My biggest worry would be the insurance companies. Has everyone already forgotten Gataka? If I have a genetic predisposition to alcoholism, should I pay higher rates (even though I've never had a glass in my life)? If I have a genetic predisposition to certain types of cancer (but no symptoms) do my rates go up because of what may be?

Comment: Re:Who says computers will take over.... (Score 1) 275

My first name has at least 3 spellings, and mine is the least common of them. My last name has 3 or 4 that I can think of. That's a lot of variations on my name. Surely, one of those is a terrorist!

There are 86 common variations of my surname. I know that there individuals with my same first name with 5 of those variations, plus an additional three who use my exact surname. Mistaken identity is fun!

Comment: Re:Could it be (Score 1) 255

I have never seen a Blu-Ray disk, and I am not too sure anyone I know has. You must live in the USA (not a device for connecting hardware).

The correct capitalization is Blu-ray. Also, are we going to argue the difference between disk and disc? Most (US) dictionaries list them as being the same. A disk can be defined as any thin, flat, circular plate or object or (when talking computers) any of several types of media consisting of thin, round plates of plastic or metal, used for external storage (magnetic disk, floppy disk, optical disk) (taken from dictionary.com). Admittedly, the BDA does use disc to refer to the media.

Comment: Re:Wouldn't work (Score 1) 313

by laie_techie (#46399977) Attached to: Should programming be a required curriculum in public schools?

I hated homework. I would glance over the assigned reading, do a couple of the assigned problems, but only complete the entire homework if it was something I didn't immediately grasp. School was about education, not some dumb grade, but my test scores ensured me an A- or B+ in most classes. My parents called me Encyclopedia Brown because of the ease I could learn and recall things. One regret is that my schools didn't teach proper English, but rather the local Pidgin. To this day I have to stop and think when communicating in American English. I picked up tons of vocabulary from the books I devoured, but often mess up pronunciation.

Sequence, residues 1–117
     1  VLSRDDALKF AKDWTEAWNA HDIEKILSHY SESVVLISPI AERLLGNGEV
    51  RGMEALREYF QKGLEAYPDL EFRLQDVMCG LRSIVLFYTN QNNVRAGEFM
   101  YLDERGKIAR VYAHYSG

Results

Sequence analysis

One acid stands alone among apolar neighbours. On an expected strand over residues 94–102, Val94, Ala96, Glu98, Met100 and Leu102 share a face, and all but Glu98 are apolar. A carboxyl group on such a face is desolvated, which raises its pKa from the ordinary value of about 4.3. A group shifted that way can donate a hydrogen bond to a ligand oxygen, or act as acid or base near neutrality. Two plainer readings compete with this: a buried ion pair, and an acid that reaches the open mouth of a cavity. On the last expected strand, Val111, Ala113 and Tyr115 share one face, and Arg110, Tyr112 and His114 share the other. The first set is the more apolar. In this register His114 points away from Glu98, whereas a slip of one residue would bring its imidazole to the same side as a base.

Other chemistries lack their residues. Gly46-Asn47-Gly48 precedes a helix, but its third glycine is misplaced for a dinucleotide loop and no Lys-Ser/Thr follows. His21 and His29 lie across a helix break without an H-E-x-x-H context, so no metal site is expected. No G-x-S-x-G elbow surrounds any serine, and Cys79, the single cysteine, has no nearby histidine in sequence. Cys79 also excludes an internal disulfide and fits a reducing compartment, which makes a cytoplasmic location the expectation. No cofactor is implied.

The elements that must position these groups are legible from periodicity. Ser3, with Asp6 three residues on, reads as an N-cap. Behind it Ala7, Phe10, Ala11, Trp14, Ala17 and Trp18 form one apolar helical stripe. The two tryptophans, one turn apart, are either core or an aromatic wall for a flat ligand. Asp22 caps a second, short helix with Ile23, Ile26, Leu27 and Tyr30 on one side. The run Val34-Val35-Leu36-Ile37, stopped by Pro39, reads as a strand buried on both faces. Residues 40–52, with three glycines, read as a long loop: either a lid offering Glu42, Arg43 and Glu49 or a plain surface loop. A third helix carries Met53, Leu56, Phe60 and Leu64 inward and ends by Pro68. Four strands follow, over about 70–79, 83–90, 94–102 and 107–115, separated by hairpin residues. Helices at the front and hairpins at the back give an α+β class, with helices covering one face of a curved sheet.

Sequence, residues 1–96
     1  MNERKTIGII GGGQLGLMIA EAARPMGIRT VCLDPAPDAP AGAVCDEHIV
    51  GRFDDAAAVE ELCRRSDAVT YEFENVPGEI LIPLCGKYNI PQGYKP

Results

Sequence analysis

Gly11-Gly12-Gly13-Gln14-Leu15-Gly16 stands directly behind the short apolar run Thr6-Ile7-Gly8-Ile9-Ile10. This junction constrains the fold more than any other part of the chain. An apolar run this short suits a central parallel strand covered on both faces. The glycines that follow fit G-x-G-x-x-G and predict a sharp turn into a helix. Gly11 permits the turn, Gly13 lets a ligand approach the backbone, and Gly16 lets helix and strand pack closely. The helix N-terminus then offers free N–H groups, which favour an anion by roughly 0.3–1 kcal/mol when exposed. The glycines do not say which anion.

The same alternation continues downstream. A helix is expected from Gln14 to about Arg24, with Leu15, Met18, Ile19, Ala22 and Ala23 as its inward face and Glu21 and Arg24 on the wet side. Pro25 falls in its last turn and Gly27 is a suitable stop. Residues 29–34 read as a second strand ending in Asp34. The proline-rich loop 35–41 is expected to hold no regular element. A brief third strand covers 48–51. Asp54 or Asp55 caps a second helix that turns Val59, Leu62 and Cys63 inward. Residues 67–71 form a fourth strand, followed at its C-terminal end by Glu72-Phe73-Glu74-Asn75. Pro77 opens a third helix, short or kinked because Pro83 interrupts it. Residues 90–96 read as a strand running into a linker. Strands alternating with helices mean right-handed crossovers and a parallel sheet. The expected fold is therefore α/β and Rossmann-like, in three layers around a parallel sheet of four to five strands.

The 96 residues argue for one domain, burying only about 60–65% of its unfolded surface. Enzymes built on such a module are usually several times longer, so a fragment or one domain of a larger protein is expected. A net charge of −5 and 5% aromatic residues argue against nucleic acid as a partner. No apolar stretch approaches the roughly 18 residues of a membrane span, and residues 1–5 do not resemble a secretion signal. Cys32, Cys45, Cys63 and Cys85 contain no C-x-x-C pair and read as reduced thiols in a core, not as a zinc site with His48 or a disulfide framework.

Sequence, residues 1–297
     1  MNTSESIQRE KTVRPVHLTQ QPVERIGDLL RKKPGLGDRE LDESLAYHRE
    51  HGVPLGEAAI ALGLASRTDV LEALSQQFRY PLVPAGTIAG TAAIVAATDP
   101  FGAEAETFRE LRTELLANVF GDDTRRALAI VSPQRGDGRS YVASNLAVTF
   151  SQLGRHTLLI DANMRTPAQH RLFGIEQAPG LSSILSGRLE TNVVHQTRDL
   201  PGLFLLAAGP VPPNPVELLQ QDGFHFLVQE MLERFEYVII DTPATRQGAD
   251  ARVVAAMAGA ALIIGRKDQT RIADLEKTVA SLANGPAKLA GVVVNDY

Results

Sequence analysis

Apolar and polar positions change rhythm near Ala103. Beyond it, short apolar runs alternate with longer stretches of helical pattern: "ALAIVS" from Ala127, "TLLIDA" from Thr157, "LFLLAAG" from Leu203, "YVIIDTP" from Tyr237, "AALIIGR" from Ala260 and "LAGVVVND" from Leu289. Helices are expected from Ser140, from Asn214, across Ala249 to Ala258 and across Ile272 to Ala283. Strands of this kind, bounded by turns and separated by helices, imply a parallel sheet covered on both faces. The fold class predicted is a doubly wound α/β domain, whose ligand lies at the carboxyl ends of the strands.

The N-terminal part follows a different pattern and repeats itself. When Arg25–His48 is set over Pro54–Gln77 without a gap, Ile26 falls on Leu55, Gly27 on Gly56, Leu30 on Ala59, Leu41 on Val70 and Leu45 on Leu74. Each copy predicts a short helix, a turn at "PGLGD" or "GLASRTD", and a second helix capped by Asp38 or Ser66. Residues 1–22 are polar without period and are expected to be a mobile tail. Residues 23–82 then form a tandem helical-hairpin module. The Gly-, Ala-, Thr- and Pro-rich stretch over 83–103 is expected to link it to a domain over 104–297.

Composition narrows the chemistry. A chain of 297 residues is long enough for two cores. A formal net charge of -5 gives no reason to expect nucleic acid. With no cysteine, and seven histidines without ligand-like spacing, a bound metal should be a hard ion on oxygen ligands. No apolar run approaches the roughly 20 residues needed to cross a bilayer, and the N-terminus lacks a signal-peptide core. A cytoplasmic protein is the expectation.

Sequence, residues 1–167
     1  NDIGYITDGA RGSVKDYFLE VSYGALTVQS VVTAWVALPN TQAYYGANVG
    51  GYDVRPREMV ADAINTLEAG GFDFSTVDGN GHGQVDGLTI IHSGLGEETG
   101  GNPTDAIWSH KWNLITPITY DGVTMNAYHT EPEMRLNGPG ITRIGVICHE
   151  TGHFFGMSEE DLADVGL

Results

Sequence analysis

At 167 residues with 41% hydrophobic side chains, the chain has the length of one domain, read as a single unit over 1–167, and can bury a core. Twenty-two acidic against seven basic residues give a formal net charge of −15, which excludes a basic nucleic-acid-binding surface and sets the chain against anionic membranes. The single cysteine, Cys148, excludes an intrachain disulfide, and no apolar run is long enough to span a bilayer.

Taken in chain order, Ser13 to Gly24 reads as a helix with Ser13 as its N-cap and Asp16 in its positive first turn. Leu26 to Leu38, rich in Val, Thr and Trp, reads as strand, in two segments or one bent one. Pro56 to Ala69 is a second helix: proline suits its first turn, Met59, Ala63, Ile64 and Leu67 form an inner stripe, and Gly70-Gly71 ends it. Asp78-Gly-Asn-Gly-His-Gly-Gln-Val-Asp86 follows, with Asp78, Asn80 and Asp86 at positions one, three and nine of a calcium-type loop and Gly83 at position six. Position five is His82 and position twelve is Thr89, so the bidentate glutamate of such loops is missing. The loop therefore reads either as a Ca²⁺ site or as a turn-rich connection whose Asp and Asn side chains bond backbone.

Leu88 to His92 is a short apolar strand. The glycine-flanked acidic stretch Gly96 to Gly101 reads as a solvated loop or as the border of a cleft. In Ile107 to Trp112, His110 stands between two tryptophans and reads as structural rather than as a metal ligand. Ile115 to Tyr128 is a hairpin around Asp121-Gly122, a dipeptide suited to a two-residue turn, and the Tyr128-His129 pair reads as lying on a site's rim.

Comment: Official Languages (Score 1) 506

by laie_techie (#46359203) Attached to: Quebec Language Police Target Store Owner's Facebook Page

Hawaii has two official languages (English and Hawaiian), but 80% of the population speaks "Pidgin" (Hawaiian Creole English) and fewer than 4% are fluent in Hawaiian. In Hawaii's case, "official language" means that all official publications are available in these two languages (people specify which one they want, so as to not make the manual twice as thick, for example). Nothing prevents people from speaking Tongan, Samoan, Japanese, or Pidgin in everyday life. Nothing says that only Hawaiian and English are acceptable for store signage. Nothing says that private entities (including stores) have to make everything available in these languages. Indeed, only limited Hawaiian is taught in our regular schools (by the fourth grade I could count to ten and say the primary and secondary colors). What Hawaiian I know is purely by luck that it was preserved in Pidgin.

Comment: Re:my daughter (Score 1) 280

by laie_techie (#46324519) Attached to: Who's On WhatsApp, and Why?

In the UK almost every plan seems to come with an unusuablly high or unlimited amount of SMS anyway which is still cheaper than the $1 a year Whatsapp costs.

I use it because I have that one friend who also insists on using it and nothing else. Maybe I should just stop speaking to him and save myself $1 a year.

The only actual benefit I can see to it is for images which are cheaper and seem to work more reliably than MMS.

I'm in the US, but I need to message people in Brazil, England, and China. International SMS is ridiculously expensive. Not everyone has Facebook or Skype, so WhatAapp makes sense if I want to chat and not pay outrageous per-minute voice calls.

It is contrary to reasoning to say that there is a vacuum or space in which there is absolutely nothing. -- Descartes